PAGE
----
However, our contemporary consumer culture and the need, which must be recognized, of rebuilding the economies destroyed or put in crisis by the pandemic, demand a contrary path. For this reason, the need of educating young people above all to social co-responsibility, open to the universal nature of the human family, in a different vision of the relationship with creation is becoming stronger and stronger.
“We must regain the conviction that we need one another - says LS at n° 229 -, that we have a shared responsibility for others and the world, and that being good and decent are worth it. We have had enough of immorality and the mockery of ethics, goodness, faith and honesty. It is time to acknowledge that light-hearted superficiality has done us no good. When the foundations of social life are corroded, what ensues are battles over conflicting interests, new forms of violence and brutality, and obstacles to the growth of a genuine culture of care for the environment.”
"Preparing the future - the Pope said in one of his speeches - means putting oneself on the side of the discarded, building resilient and inclusive systems for all", in the light of two keywords "cultivating" and "taking care" of creation. This also implies changing the course in our way of thinking and dealing with problems.
The pandemic has shown us that our economic and cultural system is fragile. GDP - a beloved emblem of financial matter - collapsed, with a worldwide loss of between 14 and 16 trillion dollars. The mechanistic and reductionist model no longer works, says Marco Revelli of the Eastern Piedmont University. However, this too must be acknowledged, abandoning the myths and illusions that have accompanied Western culture in the last 20 years is not easy and society is neither prepared nor willing to do so.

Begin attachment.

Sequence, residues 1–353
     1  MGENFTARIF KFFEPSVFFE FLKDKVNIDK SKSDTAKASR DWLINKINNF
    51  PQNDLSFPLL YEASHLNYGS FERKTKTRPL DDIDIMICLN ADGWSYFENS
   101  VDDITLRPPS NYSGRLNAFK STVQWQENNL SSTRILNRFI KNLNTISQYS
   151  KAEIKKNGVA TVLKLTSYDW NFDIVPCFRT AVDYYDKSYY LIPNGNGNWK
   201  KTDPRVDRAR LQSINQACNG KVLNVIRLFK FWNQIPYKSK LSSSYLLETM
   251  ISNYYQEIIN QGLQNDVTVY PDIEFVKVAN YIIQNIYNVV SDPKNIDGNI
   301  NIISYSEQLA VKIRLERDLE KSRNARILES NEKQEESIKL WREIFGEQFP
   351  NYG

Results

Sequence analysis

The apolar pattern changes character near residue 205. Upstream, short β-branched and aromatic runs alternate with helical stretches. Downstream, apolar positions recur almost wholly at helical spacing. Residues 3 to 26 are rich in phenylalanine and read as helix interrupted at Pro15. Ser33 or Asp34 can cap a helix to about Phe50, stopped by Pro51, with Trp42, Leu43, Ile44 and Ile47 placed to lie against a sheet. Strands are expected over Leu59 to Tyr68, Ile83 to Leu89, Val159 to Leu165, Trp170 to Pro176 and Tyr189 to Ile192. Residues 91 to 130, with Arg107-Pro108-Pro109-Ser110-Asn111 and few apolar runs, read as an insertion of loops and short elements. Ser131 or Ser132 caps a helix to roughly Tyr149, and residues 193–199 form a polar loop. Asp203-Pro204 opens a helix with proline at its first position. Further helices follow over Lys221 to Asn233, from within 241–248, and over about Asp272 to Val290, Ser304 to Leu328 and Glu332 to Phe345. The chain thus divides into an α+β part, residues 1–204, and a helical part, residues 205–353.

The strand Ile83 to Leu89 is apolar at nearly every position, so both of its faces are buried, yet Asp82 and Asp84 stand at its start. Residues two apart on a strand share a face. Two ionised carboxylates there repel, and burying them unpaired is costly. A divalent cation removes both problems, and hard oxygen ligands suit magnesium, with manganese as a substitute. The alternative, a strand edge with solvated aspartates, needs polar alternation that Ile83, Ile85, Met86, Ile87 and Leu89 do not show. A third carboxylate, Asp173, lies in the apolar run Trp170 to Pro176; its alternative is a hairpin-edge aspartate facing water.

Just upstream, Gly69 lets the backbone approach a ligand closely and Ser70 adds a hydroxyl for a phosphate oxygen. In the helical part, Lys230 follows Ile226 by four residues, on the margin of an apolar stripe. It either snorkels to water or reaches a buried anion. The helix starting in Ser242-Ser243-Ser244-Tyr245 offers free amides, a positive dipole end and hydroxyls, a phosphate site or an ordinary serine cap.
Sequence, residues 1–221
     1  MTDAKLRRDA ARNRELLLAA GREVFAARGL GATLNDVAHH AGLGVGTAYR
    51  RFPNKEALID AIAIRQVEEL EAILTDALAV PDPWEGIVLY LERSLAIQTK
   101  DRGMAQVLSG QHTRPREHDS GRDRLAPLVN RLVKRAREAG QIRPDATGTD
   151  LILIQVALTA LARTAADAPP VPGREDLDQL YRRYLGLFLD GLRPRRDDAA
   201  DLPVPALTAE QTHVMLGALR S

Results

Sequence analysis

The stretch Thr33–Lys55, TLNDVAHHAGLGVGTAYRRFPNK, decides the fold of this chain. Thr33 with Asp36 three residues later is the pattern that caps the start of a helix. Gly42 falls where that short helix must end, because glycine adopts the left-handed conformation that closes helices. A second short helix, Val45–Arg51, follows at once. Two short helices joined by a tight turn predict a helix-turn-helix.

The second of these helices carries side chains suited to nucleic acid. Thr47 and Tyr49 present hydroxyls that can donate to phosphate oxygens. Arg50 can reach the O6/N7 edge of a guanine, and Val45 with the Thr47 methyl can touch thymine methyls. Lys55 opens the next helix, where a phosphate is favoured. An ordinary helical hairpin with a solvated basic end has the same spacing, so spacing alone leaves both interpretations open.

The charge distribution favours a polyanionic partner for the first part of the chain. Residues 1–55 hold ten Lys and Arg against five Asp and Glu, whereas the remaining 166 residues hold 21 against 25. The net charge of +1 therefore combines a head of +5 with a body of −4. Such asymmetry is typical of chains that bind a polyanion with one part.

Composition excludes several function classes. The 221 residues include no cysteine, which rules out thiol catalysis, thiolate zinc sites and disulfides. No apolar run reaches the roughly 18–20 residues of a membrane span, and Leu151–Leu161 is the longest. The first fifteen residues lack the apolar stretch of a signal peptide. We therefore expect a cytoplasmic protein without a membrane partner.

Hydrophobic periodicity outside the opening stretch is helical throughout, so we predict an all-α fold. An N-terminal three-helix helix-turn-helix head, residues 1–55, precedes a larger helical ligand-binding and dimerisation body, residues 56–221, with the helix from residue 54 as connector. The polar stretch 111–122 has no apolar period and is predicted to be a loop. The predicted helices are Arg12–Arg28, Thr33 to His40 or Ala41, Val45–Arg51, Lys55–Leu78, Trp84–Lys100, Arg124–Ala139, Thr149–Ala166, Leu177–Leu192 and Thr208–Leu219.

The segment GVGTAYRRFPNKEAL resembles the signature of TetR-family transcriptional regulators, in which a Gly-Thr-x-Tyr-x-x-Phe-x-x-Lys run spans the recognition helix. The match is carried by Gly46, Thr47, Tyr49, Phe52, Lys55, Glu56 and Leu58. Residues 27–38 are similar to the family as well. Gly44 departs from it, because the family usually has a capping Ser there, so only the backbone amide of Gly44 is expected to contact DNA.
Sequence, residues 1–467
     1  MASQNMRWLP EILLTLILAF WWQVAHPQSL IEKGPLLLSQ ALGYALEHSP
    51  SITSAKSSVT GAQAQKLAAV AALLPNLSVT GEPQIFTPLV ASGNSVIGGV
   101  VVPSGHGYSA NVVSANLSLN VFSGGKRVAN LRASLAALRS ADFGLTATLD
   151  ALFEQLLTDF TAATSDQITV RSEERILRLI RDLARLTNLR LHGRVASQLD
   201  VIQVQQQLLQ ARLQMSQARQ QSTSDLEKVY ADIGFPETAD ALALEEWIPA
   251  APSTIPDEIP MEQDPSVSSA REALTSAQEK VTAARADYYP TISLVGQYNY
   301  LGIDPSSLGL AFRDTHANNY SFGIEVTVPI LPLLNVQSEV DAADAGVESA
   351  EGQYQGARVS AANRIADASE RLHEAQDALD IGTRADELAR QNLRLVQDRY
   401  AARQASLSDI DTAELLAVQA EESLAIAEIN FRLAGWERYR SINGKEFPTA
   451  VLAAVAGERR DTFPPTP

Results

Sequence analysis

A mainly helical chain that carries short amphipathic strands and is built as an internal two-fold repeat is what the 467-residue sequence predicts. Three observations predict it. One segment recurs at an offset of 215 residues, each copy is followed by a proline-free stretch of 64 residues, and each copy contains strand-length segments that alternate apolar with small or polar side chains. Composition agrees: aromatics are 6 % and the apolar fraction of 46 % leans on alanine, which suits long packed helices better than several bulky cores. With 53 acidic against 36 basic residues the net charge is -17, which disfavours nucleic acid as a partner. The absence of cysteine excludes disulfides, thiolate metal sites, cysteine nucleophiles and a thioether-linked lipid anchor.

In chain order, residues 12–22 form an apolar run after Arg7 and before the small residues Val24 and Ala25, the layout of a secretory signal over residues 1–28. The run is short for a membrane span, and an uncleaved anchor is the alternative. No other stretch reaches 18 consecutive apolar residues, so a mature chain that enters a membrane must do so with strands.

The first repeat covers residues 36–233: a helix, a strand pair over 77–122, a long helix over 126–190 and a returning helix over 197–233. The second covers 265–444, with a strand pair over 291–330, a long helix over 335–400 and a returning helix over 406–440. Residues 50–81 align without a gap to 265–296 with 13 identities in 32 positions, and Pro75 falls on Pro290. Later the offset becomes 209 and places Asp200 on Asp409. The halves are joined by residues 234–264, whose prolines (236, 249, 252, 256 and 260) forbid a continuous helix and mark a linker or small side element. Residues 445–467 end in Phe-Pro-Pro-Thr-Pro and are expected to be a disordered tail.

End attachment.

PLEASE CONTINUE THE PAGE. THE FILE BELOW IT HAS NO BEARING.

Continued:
Therefore, a true informative and educational commitment is required of each person and above all for the new generations so that they can face the future in a different way. This is the purpose of this 5thObjective of Laudato Si, as the Pope affirms in n° 222 of his encyclical: “Christian spirituality proposes an alternative understanding of the quality of life, and encourages a prophetic and contemplative lifestyle, one capable of deep enjoyment free of the obsession with consumption. We need to take up an ancient lesson, found in different religious traditions and in the Bible. It is the conviction that ‘less is more’. A constant flood of new consumer goods can baffle the heart and prevent us from cherishing each thing and each moment. To be serenely present to each reality, however small it may be opens us to much greater horizons of understanding and personal fulfilment.”
An interesting, and in a certain sense exciting, but also very demanding formative and self-formative journey.